particular expressions of a material order which expounds both the blind irrational force of continuity and the structural pattern defining the object as opposed
to the subject. Finally we would mention that an elaborate application of the
theory of correspondences would demonstrate the serial structure of objects and
suggest a way of reconciling their ‘character’ with the principles governing the
two essential prototypes of the serial arrangement of the universe: that based
upon the number seven, or the planetary prototype; and twelve, or the zodiacal
model. The incomplete character of such forms of symbolic expression has been
apparent to man since the earliest times, and for this reason the attempt was made
to discover objects which could be invested with great symbolic power by means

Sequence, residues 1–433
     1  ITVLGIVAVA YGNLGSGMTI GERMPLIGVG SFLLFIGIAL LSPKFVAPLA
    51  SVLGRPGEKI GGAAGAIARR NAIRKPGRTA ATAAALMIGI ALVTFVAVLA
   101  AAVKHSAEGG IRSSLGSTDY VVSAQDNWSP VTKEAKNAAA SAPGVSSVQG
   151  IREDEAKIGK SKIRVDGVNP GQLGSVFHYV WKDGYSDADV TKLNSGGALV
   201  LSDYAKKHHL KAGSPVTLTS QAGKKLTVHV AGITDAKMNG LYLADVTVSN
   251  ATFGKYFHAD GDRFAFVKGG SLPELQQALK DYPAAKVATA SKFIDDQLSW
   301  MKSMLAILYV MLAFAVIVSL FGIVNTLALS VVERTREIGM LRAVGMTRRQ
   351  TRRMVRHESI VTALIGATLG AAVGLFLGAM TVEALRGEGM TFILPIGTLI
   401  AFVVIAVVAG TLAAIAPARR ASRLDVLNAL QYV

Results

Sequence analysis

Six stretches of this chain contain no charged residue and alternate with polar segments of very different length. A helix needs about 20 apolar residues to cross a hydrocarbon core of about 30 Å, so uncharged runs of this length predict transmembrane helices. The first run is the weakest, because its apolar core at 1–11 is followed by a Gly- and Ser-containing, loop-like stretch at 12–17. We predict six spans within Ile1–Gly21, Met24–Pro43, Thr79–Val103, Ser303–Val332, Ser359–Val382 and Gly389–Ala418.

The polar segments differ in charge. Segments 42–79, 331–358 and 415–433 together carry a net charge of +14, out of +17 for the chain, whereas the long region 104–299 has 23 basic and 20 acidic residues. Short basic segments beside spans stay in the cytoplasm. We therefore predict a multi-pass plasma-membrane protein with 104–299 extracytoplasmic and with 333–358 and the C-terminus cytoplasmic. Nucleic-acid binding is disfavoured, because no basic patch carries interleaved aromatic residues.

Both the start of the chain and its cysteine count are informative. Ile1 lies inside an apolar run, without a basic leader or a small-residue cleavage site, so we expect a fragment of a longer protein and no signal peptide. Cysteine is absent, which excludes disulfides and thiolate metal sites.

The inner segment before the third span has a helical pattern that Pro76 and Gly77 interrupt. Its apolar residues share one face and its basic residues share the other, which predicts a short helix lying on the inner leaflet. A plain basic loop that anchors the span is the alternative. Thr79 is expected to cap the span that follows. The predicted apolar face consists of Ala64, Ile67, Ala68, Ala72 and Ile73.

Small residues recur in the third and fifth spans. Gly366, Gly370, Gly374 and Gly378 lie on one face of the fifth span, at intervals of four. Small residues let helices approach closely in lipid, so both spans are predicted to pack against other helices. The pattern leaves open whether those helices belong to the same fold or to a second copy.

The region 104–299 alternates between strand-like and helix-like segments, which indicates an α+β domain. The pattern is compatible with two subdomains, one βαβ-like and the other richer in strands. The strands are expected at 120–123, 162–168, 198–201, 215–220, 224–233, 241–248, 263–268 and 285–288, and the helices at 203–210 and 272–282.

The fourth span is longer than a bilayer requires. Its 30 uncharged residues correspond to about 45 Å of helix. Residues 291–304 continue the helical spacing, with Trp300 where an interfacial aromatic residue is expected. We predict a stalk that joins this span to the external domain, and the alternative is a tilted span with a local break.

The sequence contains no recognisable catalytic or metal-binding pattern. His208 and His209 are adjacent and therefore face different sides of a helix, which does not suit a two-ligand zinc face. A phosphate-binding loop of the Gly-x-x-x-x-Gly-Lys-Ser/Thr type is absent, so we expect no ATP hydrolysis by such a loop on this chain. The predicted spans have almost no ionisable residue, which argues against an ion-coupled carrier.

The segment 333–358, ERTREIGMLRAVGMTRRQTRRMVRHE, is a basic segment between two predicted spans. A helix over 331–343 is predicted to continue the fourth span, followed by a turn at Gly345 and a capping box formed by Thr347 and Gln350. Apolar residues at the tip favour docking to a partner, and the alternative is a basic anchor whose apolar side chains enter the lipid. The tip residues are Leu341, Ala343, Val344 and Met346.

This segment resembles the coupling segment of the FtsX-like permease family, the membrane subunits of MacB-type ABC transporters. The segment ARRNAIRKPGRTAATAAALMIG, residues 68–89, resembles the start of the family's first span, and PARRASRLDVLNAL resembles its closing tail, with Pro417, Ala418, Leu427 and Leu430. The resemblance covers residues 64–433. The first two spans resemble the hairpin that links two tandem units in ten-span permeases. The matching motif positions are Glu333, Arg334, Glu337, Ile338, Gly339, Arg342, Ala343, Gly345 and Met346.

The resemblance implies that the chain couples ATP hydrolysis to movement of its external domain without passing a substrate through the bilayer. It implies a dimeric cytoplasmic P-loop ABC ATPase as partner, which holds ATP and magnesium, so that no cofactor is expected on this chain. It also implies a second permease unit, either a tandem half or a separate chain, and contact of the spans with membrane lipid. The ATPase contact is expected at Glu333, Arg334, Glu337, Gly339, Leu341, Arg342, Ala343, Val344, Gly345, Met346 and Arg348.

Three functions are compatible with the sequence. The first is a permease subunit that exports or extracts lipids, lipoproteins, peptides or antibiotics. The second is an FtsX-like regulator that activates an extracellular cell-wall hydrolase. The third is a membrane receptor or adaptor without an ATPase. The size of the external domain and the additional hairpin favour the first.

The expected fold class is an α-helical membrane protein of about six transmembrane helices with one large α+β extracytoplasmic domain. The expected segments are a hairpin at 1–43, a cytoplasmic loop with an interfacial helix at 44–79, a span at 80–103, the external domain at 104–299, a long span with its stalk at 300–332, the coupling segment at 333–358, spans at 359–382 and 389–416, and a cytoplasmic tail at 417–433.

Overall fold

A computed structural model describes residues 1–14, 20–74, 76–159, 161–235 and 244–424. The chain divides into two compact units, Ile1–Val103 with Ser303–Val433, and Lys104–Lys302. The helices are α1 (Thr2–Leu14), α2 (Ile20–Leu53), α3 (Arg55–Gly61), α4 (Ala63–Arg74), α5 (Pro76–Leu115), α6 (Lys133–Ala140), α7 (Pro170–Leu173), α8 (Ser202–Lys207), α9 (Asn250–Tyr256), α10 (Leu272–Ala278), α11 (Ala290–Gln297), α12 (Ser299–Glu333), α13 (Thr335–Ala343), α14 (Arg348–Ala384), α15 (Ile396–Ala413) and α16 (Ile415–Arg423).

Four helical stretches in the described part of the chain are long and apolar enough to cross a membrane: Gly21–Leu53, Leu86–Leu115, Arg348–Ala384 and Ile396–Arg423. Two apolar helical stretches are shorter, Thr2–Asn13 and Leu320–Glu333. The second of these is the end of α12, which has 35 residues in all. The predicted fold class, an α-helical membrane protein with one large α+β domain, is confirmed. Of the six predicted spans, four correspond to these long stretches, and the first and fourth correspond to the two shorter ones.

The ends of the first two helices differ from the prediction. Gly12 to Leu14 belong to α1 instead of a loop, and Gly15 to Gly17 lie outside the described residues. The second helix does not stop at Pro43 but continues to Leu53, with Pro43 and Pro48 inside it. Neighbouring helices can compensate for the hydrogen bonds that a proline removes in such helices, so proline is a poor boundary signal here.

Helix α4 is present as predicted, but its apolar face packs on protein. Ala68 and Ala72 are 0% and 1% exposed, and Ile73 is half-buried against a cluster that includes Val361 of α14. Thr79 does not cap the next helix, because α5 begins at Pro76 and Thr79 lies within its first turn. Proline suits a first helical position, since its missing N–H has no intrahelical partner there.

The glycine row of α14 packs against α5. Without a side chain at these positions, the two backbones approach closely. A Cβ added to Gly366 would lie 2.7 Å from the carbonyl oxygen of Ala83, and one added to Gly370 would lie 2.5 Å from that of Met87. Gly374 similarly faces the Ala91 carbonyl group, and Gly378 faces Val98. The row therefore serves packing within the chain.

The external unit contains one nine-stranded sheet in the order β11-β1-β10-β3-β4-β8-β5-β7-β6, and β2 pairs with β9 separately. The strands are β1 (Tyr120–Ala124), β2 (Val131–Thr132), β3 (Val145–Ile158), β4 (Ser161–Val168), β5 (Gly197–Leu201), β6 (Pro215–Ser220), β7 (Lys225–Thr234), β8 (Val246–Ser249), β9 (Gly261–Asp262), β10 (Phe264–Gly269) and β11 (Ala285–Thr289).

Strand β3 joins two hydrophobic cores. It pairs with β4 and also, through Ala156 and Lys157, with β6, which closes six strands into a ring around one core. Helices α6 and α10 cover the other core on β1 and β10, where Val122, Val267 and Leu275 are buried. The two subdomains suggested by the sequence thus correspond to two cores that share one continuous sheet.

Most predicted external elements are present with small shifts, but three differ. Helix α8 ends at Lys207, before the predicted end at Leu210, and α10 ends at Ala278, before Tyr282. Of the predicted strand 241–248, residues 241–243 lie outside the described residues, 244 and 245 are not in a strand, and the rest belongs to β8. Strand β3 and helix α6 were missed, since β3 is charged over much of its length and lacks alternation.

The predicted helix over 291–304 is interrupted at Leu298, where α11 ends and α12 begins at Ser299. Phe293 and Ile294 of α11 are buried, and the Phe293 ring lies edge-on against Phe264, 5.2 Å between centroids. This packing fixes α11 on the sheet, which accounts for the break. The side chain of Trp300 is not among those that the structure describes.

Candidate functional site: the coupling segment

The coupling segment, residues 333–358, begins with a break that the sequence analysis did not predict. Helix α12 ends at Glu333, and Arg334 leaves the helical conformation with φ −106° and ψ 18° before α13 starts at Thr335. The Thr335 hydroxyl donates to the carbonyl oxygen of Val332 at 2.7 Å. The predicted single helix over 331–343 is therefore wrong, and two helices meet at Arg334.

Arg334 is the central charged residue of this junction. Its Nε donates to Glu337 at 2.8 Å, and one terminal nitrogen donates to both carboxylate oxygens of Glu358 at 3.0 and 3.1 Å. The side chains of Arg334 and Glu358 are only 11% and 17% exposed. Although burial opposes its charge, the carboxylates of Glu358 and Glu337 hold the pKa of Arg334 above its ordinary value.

of the combination and juxtaposition of various ingredients, which were usually
‘noble’ in character, but were occasionally bizarre or even base—as was the case,
for example, with the alchemic preparation known as ‘prime matter’. The aim
was to endow the object with all the powers inherent in the several planes of
cosmic reality. An example of a ‘complete object’ of this kind is the sword in the Grail legend: its pommel was a precious stone of many colours, each colour
representing a particular virtue; its haft was composed of the bones of strange
To see men in your dream, represent an authoritative figure or a father figure. If you are a woman and dream that you are in a room full of men, then it highlights the masculine aspect of yourself. The dream forces you to acknowledge your authoritative and aggressive side. Consider also how the men are dressed as this will provide a clue as to what area in your life you need to assert more power.
Light, traditionally, is equated with the spirit (9). Ely Star asserts that
the superiority of the spirit is immediately recognizable by its luminous intensity. Light is the manifestation of morality, of the intellect and the seven virtues